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Sceroler v. Rancher

808 So.2d 803 (2002)

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Sceroler v. Rancher

Louisiana Court of Appeal

808 So.2d 803 (2002)

Facts

The McDonalds owned a parcel of land that was bordered on one side by Henderson Road and on the other side by property belonging to the Ranchers (defendants). The Ranchers subdivided lots for sale on their property along the border with the McDonalds. The Ranchers asked the McDonalds to contribute to building a road along their mutual property line that would serve to connect both the new lots on the Ranchers’ property and the McDonalds’ property with another public highway. The McDonalds refused to contribute to the cost of building this new road. The Ranchers therefore built the access road one foot within their own property, and as a result it was not accessible from the McDonalds’ property. The Ranchers named the road Rancher Drive and dedicated it to public use, making it expensive to build because it had to conform to local road standards. The McDonalds later gave two parcels of their land to their children, one to their daughter and son-in-law, the Scerolers, and one to their son, Ben McDonald (plaintiffs). Both of these parcels were enclosed by the rest of the McDonalds’ land on one side and by the Ranchers’ one-foot strip of property running along Rancher Drive on the other side. The Scerolers and Ben McDonald attempted to negotiate with the Ranchers for the sale of the strip of land. Negotiations were ongoing but unsuccessful when the Scerolers filed suit against the Ranchers, demanding access to Rancher Drive as the nearest public road to their enclosed property. Ben McDonald, meanwhile, claimed that documents exchanged in the negotiations amounted to an enforceable contract and sued for specific performance. The suits were consolidated, and the trial court dismissed both in favor of the Ranchers. The Scerolers and Ben McDonald appealed.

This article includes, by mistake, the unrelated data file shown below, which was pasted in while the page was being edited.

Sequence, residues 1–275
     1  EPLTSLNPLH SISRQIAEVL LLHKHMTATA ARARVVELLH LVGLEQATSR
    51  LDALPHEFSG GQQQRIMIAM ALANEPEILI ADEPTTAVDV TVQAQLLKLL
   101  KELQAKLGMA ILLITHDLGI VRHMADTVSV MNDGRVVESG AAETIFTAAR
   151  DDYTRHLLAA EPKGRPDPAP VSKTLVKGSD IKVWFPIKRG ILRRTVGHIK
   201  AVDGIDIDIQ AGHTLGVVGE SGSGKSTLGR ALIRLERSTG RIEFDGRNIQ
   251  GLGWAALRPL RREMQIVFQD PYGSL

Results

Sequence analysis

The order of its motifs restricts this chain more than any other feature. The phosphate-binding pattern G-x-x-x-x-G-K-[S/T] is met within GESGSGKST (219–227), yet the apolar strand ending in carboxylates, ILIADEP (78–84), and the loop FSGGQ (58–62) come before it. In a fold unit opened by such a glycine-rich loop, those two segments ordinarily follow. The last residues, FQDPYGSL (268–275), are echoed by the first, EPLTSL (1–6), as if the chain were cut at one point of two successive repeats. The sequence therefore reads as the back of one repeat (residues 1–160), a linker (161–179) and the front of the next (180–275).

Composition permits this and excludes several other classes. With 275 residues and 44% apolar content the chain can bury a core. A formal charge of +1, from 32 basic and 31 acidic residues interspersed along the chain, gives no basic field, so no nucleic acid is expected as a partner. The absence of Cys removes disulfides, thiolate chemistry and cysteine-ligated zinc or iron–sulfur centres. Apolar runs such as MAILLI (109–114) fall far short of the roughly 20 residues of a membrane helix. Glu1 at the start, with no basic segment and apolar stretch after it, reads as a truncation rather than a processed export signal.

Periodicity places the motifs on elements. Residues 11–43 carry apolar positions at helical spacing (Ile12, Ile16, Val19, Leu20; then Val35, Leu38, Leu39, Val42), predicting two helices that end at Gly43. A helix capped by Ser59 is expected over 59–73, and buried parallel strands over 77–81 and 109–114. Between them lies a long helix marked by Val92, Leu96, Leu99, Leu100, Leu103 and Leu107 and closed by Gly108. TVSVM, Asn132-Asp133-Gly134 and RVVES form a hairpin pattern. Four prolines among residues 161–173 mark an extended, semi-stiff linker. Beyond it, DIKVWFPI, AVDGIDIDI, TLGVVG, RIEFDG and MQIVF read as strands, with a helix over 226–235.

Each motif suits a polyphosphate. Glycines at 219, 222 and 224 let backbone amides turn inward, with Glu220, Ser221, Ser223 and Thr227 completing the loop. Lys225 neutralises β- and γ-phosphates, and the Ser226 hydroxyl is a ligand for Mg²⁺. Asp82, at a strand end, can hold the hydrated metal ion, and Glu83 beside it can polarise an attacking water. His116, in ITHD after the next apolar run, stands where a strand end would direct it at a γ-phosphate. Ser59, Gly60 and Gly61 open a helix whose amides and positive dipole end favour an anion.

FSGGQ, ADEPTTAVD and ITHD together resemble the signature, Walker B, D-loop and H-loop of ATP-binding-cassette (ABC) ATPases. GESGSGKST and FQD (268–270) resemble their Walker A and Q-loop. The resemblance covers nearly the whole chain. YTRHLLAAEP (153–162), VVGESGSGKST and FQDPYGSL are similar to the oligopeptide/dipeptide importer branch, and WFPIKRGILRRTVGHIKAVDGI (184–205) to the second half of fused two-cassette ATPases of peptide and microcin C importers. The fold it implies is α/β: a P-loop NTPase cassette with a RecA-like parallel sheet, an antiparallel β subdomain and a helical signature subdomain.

Rule of Law

Issue

Holding and Reasoning (Claiborne, J.)

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